This might be of use, but I've not read it!
My impression of the first piece is that the vocal is lost in the mix. It needs to come up front more. Aside from that, I enjoyed it.
It's always tough looking for information about things you don't know much about. How do you know what questions to ask? What needs to be answered? You've been given some good links.
Thanks very much for the response and the links!I shall check them all out. Good news Dave that the resources are out there. After watching the videos to violin performances it seems that detache is the 'standard' way of playing...right? Getting a realistic sounding string section with samples and midi is a labour intensive process. I still hear adverts on the TV where I immediately know that it's using samples :-D Access to real musicians is way out of my reach I'm afraid. I do have a few study scores- I bought Ride of the Valkyries recently to look at what the strings were doing- all working together to produce that amazing result. Bob, the tracks are pre-production so yes, the vocals are a bit cockahoop anyway..I had a limited set of takes and had to process them way too much.Even knowing the right nomenclature is difficult. It's only because I studied for a diploma that I'm aware of terms such as 'instrumentation' and 'orchestration' etc. I know about things such as consecutive octaves and fifths...but I'm thinking that that's become less of strict rule in modern composition...it's an ear perception thing anyway since those intervals jump out of the 'mix'. A quick search no doubt would clarify things. I imagine it's still good practice. The e-book from DAW to score looks good Mike, but I'm going to have to buy a copy of Sibelius. The demo version I have would hold me back. I've have it in mind for a wee while to set up a virtual orchestra. I've squirrelled around and found recommendations on the best sample libraries. I use Kontakt and Vienna Instruments. I think there are samples for Sibelius as well...it's a bit of a mine field sourcing compatible DAWs and samples. I think having it all under Sibelius would probably be the easiest option. Whether it would provide the best sample sets is another matter. I'm not really clued up as to what works with what out there. I used to have Cubase but my license expired and I miss the scoring capabilities. But again...maybe that's duplicating the feature in Sibelius. My experience is that Sibelius is the best for scores, but I've not seen the latest releases of Cubase. Ideally I'd like a DAW like Cubase running Sibelius as a plugin or something.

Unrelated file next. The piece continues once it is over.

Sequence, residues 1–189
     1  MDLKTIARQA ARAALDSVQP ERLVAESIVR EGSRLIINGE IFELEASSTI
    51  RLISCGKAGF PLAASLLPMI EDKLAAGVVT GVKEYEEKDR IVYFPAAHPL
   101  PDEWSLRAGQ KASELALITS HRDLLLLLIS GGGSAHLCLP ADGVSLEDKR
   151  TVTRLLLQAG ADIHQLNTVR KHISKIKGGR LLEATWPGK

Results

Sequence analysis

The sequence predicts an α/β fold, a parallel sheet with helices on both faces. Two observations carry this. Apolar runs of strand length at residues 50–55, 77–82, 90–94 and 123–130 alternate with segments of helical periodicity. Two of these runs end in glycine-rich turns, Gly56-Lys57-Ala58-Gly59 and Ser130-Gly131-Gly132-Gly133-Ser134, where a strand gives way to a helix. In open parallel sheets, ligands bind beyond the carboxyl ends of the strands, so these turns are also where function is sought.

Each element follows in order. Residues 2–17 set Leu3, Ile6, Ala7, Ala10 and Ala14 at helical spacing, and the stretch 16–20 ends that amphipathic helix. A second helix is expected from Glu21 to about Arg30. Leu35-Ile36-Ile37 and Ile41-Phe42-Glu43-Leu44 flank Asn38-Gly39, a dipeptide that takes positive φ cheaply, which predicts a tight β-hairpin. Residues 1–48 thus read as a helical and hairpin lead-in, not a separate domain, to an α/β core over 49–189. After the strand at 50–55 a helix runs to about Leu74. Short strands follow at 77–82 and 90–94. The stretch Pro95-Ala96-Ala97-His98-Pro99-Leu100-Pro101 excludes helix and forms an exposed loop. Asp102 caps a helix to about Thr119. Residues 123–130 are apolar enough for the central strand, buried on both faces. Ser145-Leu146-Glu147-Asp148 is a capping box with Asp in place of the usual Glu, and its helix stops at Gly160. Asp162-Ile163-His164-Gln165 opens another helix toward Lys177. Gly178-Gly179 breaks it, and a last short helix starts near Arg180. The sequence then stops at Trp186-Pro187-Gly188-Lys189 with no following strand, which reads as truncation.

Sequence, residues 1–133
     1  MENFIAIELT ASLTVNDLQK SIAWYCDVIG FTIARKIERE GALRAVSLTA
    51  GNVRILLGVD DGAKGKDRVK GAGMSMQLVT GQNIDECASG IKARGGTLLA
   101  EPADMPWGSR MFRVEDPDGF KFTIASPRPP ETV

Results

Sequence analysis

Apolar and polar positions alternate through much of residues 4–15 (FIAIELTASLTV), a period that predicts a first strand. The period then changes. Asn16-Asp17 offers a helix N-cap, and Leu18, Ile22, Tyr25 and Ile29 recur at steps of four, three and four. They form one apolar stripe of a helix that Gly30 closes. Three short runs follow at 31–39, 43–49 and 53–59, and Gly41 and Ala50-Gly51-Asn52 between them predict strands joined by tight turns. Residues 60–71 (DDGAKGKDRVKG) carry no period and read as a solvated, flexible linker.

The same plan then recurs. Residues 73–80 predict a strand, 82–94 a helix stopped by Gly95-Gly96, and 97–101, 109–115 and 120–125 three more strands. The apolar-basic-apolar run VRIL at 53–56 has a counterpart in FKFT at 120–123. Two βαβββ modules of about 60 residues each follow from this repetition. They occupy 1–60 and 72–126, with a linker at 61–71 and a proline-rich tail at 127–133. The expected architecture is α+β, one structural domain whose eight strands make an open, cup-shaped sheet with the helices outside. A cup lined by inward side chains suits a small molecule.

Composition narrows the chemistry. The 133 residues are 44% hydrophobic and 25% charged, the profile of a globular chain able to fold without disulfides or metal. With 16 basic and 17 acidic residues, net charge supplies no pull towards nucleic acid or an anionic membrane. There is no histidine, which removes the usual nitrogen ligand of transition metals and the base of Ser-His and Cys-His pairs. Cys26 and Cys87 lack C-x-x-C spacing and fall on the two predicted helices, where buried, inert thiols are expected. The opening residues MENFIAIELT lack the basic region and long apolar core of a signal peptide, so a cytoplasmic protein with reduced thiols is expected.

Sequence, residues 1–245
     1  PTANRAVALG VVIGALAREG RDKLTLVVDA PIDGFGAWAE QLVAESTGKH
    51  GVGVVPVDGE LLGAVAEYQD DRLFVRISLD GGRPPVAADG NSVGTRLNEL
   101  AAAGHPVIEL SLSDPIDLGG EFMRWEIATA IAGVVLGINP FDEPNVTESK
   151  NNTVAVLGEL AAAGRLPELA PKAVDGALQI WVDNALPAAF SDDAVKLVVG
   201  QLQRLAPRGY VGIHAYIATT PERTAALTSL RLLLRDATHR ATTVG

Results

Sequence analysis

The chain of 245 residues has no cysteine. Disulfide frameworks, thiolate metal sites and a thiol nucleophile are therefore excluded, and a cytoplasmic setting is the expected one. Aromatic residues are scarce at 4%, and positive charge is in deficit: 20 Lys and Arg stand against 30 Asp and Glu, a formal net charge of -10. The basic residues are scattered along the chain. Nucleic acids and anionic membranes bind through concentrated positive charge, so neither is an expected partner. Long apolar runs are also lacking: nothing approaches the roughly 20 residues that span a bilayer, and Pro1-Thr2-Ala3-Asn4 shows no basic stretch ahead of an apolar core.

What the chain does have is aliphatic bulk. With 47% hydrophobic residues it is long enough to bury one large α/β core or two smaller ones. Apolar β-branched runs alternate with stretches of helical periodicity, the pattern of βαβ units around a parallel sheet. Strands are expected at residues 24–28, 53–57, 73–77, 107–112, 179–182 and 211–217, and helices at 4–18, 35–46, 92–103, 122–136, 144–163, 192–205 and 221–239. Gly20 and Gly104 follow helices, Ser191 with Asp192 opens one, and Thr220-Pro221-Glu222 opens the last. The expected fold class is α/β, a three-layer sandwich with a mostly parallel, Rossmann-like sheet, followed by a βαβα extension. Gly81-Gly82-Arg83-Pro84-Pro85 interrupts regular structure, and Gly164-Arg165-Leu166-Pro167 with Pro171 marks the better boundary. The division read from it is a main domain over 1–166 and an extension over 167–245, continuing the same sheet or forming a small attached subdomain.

Having been a musician for 50 some years, I tend to think in terms of "notes on a page", rather than lines on a piano role. But that's just me. I can't afford a DAW, but for someone like me, the best way to produce a good sound file would be to write in notation, then export to a DAW. That said, I own Sibelius 7.5. I am able to produce decent sound files because I've learned many tricks. Not DAW quality, but good enough for me.
As for composition rules, it just depends on what type of music you want to write. There's nothing wrong with avoiding parallel fifth's. I believe not using them ( as well as following other "rules") makes you think more about what you are writing. And it is certainly OK to break the rules. But only to make a point. You have to know them to know went the best time to break them is.
Here's the thing. Write good music. How? Make every note count. Every note. There are no throw-away notes. Everything about every note is important. Where did it come from, and where is it going? What instrument has it? What octave is it in? Listen to the type of music you want to write. Experiment. Practice. A lot.